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Linda Anderson says
Inspiring post, as ever, Jo.
I’m loving the flipped-over-jigsaw analogy. And your creative, playful-yet-serious and totally unique voice.
Off to fetch Sustaining Brew No.4 now and see what’s cooking 🙂
Jo Bradshaw says
Linda – Ooh, tell us what’s cooking! I love the stories you’ve been weaving in your own delightfully engaging way. It’s amazing how feeling seen can impact a reader or listener. What’s been your experience?
Lisa McLoughlin says
Love, love this and I find we are all a rich tapestry of interesting stuff ;))
Jo Bradshaw says
Isn’t it funny how we somehow think we should hide or try not to talk about the rich and interesting (and sometimes quite unexpected or difficult) things, when instead to share those stories would be so much more generous 🙂
Lesley Pyne says
Great blog, very inspiring Jo.
You’re so right, it’s easy to think that others have a more (important/interesting/relevant etc) story to tell than we do when it’s not the case.
I love the idea of listening with reckless abandon – I shall try that at the next networking event I go to & see what happens.
Jo Bradshaw says
I’ll be thinking of you doing that Lesley…let us know how it goes! So often I catch myself ‘pretend listening’ or thinking I’ve understood the point the person is making so going off listening duty, or thinking up what to say next! It’s quite a thing, real listening.
Susan Hagan says
I have found that just doing what I want to do has attracted attention. Somehow NOT being focused on what others think, like, agree with, gives a freedom to actually attract people who are interested in what I am doing.
And what I am doing is what makes me happy and fulfilled.
Seems easy to me.
Great piece Jo – stories are so important in engagement when trying to promote a cause or when fundraising.
But its always important to make sure that they are authentic – I personally want a face up, no sweetener story as too often many come across as “guilt-trip” ridden. And worse, tainted in the battle to out sweeten each other.
Every point under “its a myth” above holds true, and when I look for a story to tell – its as simple as a snapshot in time that the viewer can associate with at some level.
Love the Facedown Jigsaw!
But one thing about telling of stories is to remember that the call to action is influenced both by pre and post help stories – and it is the post help stories that I think, with the proliferation of social media and hundreds of calls to action, really can influence people into supporting your cause.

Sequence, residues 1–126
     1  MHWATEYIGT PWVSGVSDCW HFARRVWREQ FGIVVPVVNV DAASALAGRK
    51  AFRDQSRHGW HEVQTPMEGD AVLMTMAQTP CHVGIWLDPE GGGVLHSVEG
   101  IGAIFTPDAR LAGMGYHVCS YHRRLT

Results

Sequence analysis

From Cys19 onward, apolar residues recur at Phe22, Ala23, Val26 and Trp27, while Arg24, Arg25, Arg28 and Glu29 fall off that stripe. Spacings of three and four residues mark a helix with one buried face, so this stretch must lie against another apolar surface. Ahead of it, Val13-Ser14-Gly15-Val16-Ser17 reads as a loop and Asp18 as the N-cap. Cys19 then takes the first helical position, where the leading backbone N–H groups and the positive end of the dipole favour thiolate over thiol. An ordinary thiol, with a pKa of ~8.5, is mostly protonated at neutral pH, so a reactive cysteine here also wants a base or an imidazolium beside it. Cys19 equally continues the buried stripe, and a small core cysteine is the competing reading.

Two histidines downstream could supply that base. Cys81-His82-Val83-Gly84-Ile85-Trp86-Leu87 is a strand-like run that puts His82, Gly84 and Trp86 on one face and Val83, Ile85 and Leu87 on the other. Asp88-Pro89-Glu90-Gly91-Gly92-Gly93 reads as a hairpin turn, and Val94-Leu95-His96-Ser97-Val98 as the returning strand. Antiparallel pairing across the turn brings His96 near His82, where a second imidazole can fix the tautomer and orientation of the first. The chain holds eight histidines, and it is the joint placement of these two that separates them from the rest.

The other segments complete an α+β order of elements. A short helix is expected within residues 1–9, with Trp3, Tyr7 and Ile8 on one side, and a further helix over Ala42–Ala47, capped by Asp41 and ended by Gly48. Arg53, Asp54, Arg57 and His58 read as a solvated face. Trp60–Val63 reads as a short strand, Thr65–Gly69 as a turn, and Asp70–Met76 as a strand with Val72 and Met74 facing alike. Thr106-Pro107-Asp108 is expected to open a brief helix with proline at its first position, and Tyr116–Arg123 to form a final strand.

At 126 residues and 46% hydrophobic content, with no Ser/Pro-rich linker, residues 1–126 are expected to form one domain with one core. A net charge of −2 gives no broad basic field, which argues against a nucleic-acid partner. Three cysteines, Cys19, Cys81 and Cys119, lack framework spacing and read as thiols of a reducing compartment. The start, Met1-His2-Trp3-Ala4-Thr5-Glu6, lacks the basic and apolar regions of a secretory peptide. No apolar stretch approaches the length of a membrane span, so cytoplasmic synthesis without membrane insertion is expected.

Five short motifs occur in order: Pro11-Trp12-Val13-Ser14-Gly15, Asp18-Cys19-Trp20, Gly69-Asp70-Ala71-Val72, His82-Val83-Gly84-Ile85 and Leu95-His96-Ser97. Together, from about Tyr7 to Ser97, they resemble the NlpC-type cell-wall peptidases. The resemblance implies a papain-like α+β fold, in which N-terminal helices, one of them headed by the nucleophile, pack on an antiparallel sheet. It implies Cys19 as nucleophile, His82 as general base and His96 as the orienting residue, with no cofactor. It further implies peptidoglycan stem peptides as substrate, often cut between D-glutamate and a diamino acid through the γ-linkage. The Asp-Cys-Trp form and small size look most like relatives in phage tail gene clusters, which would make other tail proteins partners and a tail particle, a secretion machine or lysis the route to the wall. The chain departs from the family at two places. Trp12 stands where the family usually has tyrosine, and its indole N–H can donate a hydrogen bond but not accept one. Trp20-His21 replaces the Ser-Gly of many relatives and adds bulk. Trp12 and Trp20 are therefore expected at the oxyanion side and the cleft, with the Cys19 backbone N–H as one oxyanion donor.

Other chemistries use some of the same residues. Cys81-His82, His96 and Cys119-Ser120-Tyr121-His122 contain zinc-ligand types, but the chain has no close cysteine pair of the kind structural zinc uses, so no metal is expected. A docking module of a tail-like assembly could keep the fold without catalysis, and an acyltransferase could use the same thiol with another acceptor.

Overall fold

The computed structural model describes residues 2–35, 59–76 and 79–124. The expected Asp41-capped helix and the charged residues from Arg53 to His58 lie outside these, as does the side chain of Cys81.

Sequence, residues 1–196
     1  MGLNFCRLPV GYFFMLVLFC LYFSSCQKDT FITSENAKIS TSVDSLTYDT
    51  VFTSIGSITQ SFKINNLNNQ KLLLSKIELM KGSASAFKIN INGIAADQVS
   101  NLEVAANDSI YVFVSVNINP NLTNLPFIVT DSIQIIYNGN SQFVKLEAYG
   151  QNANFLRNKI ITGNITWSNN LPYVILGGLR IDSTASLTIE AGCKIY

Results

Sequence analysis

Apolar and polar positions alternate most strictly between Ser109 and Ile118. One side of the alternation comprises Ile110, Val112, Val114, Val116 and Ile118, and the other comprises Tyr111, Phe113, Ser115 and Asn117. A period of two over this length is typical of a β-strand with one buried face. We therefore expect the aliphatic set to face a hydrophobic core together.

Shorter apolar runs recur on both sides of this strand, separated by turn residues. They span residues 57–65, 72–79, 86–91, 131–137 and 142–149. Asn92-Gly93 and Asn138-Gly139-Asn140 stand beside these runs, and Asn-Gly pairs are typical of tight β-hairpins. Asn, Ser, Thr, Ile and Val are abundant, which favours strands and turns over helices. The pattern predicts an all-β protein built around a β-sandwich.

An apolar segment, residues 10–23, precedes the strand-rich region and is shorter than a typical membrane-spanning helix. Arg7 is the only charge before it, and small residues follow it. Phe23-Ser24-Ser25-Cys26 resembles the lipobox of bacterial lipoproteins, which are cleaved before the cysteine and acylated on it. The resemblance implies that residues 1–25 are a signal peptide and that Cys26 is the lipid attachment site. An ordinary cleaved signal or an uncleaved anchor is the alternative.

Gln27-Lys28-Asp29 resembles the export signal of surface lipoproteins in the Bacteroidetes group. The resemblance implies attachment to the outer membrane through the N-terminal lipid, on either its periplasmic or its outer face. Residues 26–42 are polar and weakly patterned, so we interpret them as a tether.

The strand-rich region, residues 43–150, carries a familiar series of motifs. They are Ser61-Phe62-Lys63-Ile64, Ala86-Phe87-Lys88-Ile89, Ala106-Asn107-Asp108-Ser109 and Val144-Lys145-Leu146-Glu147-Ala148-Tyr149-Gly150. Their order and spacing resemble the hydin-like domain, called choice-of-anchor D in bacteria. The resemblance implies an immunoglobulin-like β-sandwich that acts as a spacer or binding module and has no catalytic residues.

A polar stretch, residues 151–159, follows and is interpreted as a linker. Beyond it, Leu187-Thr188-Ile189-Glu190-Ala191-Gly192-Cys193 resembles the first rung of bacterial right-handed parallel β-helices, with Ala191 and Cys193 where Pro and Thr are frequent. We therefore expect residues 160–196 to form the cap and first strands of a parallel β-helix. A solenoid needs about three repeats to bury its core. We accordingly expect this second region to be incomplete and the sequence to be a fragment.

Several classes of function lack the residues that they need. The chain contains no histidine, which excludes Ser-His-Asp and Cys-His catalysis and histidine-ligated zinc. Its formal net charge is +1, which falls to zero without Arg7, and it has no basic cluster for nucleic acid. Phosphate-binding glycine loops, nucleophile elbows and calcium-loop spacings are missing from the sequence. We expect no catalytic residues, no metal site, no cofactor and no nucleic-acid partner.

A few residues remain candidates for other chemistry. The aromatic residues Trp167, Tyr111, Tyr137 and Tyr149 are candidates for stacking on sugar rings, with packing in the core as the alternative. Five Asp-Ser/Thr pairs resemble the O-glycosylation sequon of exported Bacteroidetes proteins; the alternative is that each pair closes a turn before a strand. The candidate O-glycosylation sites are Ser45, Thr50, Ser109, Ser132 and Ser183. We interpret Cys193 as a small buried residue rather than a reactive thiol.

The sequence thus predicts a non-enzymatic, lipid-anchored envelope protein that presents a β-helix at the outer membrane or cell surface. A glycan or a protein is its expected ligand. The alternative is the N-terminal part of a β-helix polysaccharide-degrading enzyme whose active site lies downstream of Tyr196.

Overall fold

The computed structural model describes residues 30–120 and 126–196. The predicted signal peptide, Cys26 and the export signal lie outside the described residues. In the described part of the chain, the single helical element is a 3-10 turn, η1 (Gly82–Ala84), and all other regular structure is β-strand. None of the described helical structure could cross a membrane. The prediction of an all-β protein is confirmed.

” …. because of your support …” is both effective as a thank you message to current supporters and a subtle ” see what you could be doing” message to potential supporters.
The post-help story is also a verifying message that quantifies where that money/time/effort is going to make the difference – especially in the era of mega charities where there is scepticism of how much of our donations are actually going to causes on the ground.
Look forward to more!
Danielle Anderson says
Thank you all for you wonderful comments, and again to Jo for engaging with all of you here.
I asked Jo to do this piece for me because so often I hear people tell me that they don’t know how to tell their story. They’re afraid to get it wrong. They don’t think anyone will care. There is a story within each of us and I find that the more open and honest we are with others, the more warmly we are received.
You can read a bit more of my story on the “about” page above. 🙂
Jo Bradshaw says
Great point Ranjit. I too have worked closely with non profits for many years, and can vouch for the power of a post-help personal story rather than a generic benefit-led or inauthentic campaign.
As readers/potential givers our brains can handle the micro far more easily than the big picture (although a single story or snapshot needs to belong to a bigger picture or be part of a solution). We desire resolution, too; how irresponsible it would be as a charity, for example, to share a real story of one person’s need without then following up with donors as to what’s actually happened and whether any difference has been made.
The little details couch any piece in a context, making us, as readers, say ‘ah – this is a real person, like me’ and thus being able to empathise. A great exercise is to read the opening paragraphs of well-written magazine features and notice how the writer creates connection, empathy and arouses curiosity.
Jo Bradshaw says
Great point Su – I guess it’s like dating! Being really present and wholly enjoying what you do makes you really attractive to others 😉 Being needy is a bit of a turn-off!